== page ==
After an hour and a half had passed, Carlos pointed to a piece of land that looked like nothing more than a sliver of dirt carved out of the surrounding jungle. " There is Copan" he said as he pulled back on the power and began to set up for the landing. I had landed on many a short field myself but this was ridiculous. The approach was between two very steep hills that allowed for about twenty feet of clearance on either side and both hillsides were covered with trees and a sea of branches. Our approach caused a group of monkeys sleeping in the morning sun to wake to a great metal beast plowing through their territory. They were not at all happy about the intrusion and I swear that a few of them even tossed bananas at the plane as we roared past.
When I saw what we had to go through to get down, I immediately formed the thought in my mind " how in the name of God will we ever get out again"? With a series of savage bumps that I thought must have loosened the wings the landing gear tried valiantly to conquer the grass and mud potholes. Eventually we rolled to a stop, just inches from a small grass hut. Carlos turned the plane so we would be all set up for take off, shut down the engine and we got out. I was thrilled to be in a place that few people ever get to see.
I wasted no time in setting out, cameras in hand to capture the majesty and mystery of one of history's greatest stories. The scene that greeted me was more than I had hoped for. The ruins were nothing less than spectacular. Pyramids, game courts, monuments, stone- carved statues and temples were everywhere. There were several groups of archeologists working on digs to uncover even more of this Mayan wonder. One of them told me that there was a structure waiting to be uncovered under almost every grassy mound.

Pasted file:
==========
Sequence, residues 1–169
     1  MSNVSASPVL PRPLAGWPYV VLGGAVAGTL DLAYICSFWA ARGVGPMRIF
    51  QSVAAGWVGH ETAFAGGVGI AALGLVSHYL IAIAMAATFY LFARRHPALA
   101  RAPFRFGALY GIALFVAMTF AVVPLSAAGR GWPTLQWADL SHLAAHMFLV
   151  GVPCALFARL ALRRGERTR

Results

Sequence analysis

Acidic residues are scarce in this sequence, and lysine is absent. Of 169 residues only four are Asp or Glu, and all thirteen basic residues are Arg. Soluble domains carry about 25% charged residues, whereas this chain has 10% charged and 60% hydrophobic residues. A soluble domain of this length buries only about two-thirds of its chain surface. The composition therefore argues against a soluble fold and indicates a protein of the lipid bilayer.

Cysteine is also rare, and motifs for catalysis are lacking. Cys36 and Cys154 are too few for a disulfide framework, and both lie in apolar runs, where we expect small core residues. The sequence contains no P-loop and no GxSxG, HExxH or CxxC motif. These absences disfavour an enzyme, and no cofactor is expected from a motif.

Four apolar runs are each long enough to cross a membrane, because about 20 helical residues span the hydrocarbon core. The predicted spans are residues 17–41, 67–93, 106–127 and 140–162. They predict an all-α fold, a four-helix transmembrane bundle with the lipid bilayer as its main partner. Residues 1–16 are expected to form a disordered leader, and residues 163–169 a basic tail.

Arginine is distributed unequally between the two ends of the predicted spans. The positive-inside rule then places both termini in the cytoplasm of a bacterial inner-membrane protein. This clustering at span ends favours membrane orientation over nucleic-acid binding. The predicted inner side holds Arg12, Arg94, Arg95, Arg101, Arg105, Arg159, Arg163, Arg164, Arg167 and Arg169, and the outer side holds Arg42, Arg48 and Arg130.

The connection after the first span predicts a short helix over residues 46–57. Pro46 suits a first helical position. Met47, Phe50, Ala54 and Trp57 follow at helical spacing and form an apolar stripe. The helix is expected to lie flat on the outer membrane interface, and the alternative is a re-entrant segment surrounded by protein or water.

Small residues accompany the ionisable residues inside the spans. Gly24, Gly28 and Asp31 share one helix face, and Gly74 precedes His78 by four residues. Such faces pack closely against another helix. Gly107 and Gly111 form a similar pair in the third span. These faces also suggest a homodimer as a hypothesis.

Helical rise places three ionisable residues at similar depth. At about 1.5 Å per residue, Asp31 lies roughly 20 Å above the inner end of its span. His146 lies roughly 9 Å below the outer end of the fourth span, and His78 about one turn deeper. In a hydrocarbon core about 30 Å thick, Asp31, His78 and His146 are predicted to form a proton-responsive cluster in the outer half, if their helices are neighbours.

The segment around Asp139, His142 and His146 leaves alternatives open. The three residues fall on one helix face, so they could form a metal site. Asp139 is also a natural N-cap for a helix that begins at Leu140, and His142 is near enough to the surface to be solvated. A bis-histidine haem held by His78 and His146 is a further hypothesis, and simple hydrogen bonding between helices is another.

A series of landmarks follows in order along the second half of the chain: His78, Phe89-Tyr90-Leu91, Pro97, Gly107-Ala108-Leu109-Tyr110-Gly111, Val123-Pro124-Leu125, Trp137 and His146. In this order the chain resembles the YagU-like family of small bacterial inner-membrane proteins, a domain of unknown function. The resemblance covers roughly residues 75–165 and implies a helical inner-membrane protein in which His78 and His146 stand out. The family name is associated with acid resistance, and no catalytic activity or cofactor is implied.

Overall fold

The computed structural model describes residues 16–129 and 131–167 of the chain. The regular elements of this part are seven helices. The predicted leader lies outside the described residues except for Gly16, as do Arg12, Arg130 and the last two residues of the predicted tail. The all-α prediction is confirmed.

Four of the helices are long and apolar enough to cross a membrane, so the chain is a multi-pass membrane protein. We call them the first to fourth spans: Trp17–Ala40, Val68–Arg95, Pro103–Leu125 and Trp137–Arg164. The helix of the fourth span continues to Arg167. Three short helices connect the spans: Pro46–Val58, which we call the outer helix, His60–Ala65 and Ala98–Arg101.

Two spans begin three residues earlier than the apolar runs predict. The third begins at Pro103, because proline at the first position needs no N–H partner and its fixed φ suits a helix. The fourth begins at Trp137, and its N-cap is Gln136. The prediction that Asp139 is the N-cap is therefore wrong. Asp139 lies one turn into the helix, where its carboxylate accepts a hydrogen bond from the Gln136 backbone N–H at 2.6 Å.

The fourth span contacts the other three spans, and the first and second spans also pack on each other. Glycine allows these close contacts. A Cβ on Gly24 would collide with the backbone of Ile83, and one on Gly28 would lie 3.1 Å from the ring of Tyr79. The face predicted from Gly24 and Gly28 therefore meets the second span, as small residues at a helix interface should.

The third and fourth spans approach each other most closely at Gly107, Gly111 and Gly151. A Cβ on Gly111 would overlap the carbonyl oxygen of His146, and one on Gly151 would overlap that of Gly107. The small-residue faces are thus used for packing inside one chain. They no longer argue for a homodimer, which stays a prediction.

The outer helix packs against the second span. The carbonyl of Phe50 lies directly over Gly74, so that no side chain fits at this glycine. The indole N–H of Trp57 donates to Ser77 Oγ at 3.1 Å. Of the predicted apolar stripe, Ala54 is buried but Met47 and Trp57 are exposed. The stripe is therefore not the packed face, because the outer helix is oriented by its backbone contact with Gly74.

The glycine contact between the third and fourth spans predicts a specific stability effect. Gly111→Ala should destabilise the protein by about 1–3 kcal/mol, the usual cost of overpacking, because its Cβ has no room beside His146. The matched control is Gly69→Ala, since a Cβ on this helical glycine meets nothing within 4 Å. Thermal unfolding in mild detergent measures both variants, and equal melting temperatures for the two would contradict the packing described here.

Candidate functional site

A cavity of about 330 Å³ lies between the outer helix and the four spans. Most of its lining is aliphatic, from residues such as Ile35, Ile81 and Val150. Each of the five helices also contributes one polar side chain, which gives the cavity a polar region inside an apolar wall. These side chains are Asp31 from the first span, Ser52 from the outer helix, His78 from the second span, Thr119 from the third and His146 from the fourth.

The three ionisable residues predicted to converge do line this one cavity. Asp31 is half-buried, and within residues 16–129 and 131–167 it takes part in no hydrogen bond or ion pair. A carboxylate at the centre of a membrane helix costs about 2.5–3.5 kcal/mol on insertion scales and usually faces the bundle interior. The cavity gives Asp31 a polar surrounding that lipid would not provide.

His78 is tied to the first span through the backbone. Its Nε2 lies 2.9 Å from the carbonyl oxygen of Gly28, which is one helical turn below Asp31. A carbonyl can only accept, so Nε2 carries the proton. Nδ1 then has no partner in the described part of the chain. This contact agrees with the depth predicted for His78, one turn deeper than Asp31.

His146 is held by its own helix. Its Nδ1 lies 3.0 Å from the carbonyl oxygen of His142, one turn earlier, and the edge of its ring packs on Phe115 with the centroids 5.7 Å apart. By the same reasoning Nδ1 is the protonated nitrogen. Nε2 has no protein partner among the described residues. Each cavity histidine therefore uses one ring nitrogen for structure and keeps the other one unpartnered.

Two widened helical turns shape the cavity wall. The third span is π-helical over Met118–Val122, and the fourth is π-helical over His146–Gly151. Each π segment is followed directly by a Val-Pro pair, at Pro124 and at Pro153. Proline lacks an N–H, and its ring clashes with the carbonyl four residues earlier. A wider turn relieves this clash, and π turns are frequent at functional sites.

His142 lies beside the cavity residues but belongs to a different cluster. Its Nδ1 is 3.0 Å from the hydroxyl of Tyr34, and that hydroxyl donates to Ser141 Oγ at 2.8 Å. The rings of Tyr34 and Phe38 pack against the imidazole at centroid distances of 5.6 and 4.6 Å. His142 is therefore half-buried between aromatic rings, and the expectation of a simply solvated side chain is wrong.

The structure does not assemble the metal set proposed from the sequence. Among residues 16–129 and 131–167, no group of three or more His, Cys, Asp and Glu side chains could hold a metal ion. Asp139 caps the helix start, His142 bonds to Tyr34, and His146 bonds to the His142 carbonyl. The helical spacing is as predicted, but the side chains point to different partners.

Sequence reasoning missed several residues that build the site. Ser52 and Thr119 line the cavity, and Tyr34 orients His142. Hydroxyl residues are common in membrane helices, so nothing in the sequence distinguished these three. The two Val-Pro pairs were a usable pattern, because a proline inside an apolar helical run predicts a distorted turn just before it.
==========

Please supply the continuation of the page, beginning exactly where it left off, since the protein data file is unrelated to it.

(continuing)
The story of the Mayan civilization and the evidence they had left behind to confirm their place in the time line of history is filled with wonder. The motor drives on my cameras were almost over heating at the workout they were getting. My camera was gathering images with the speed of a machine gun in my insatiable lust for visual gratification. In the space of just a few hours, I managed to take several thousand color slides. The people at Kodak love photo buffs like me.
The time we had on the ground at Copan passed all too quickly. In what seemed like the blink of an eye, we had to depart because there was no way we wanted to be flying over that green sea of jungle at night. If we delayed we would have been stuck until the next day and the ship would not be there when we got back.
Once again we piled into the plane and prepared for take off. It was not going to be a smooth run like the one we had when we left for Copan. Carlos stood on the breaks with all his might as he gunned the engine for all the power it had with the throttle pushed to the wall. With the plane champing at the bit to roll, everything was shaking. I thought the plane might actually, fall apart right there and then. After what seemed like a very long wait, Carlos released the brakes and the plane lurched forward with a vengeance. The jungle began to slide by faster and faster, the end of the strip was coming up fast but Carlos held the plane on the ground as long as he could to build up speed. As he pulled back on the controls, the plane leaped into the air only to fall back to earth several times. The trees and hills at the end of the strip loomed more ominously every second.
We managed to make it through in a manner that assured a memory that would last forever. If the Mayan spirits were watching they would have seen likely the only almost five hundred pound man ever to visit Copan, perhaps the only one who ever will.
After a great flight once again over the carpet of Honduran green below, we landed safe and sound where we had started out earlier that day. After our farewells and my compliments to Carlos for his flying abilities the waiting car took us back to the waiting ship and it was off to the next port of call.
For me, the chance to step back in time at Copan had been truly a once in a lifetime experience. I had come away with a treasure chest of wonderful images, evidence of my great photographic adventure, an adventure that I will never forget.